Friday, April 11, 2008

Mutual assured destruction with Ahmadinejad is an incentive

South Africa’s deputy security minister Susan Shabangu at a police conference, on how to deal with criminals: “You must kill the bastards if they threaten you or the community. ... You must not worry about the regulations. That is my responsibility. Your responsibility is to serve and protect. I won’t tolerate any pathetic excuses for you not being able to deal with crime. You have been given guns, now use them. I want no warning shots. You have one shot and it must be a kill shot.”

That was a couple of days ago. She has not been fired.

Cheney, interviewed by Sean Hannity on Fox News [correction: on his radio show], called Ahmadinejad: “a very dangerous man. On the one hand, he has repeatedly stated that he wants to destroy Israel.” No he hasn’t. “He also has -- is a man who believes in the return of the 12th Imam; and that the highest honor that can befall a man is that he should die a martyr in facilitating the return of the 12th Imam. It’s a radical, radical point of view. Bernard Lewis once said, mutual assured destruction in the Soviet-U.S. relationship in the Cold War meant deterrence, but mutual assured destruction with Ahmadinejad is an incentive. You have to be concerned about that.”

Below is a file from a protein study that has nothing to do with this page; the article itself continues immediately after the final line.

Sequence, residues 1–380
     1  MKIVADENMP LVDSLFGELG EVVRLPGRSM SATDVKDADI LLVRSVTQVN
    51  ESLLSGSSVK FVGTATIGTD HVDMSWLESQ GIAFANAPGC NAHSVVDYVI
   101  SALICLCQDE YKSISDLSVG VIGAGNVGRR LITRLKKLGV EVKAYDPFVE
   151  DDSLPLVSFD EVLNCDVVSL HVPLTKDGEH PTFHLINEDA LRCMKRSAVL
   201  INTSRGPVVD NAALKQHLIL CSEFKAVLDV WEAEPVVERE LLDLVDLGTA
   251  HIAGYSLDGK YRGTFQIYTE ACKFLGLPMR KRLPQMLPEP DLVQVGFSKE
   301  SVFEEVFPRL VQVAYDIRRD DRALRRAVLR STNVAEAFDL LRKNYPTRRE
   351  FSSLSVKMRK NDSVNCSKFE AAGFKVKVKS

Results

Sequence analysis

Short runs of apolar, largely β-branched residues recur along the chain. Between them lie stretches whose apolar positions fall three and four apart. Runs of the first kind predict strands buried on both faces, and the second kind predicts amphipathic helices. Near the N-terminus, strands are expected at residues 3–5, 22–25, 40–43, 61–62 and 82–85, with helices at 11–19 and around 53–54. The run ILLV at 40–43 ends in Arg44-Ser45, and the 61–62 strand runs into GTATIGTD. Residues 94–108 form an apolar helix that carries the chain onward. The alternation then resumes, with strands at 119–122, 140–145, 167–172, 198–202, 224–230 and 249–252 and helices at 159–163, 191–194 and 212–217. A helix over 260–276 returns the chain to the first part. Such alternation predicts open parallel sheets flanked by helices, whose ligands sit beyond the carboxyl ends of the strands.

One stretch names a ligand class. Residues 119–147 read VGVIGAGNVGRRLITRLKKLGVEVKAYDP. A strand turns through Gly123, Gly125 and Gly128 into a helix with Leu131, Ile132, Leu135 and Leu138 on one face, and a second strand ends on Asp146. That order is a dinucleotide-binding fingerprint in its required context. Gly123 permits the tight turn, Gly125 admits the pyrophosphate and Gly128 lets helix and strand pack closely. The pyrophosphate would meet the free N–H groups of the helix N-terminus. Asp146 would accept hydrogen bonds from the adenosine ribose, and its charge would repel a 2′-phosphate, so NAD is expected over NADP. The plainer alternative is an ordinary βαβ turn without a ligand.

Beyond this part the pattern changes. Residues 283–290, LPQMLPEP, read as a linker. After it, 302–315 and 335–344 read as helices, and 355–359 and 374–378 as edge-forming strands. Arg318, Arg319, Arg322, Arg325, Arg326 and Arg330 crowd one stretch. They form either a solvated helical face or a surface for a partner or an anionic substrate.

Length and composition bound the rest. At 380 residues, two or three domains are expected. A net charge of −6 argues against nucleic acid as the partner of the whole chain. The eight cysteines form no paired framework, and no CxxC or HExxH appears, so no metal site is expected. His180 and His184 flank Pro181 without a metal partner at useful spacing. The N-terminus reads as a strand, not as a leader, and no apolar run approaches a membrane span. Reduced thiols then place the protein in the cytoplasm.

He also peddled this Ahmadinejad-as-suicide-bomber nonsense in another interview, so it’s evidently the new scare line.

Yesterday I commented on Bush’s Iraq speech in which he said that 15 months ago we were on the defensive in Iraq that he hadn’t said that at the time. In an interview with ABC today, he said that he lied in order to keep up troop morale: “That’s as much to try and bolster the spirits of the people in the field as well -- you can’t have the commander in chief say to a bunch of kids who are sacrificing that either it’s not worth it or you’re losing. What does that do for morale?” I haven’t seen the interview and the transcript isn’t up yet, so I don’t know if Martha Raddatz followed up, “So how do we know you’re telling the truth now?”

He also said of waterboarding Khalid Sheikh Mohammed, “We had legal opinions that enabled us to do it.” So that’s okay then.

As for then-Attorney General Ashcroft’s much-quoted remark about the torture meetings, “Why are we talking about this in the White House? History will not judge this kindly,” I trust we’re all clear that he wasn’t morally opposed to the torture, he was opposed to the talking, to leaving a paper trail.

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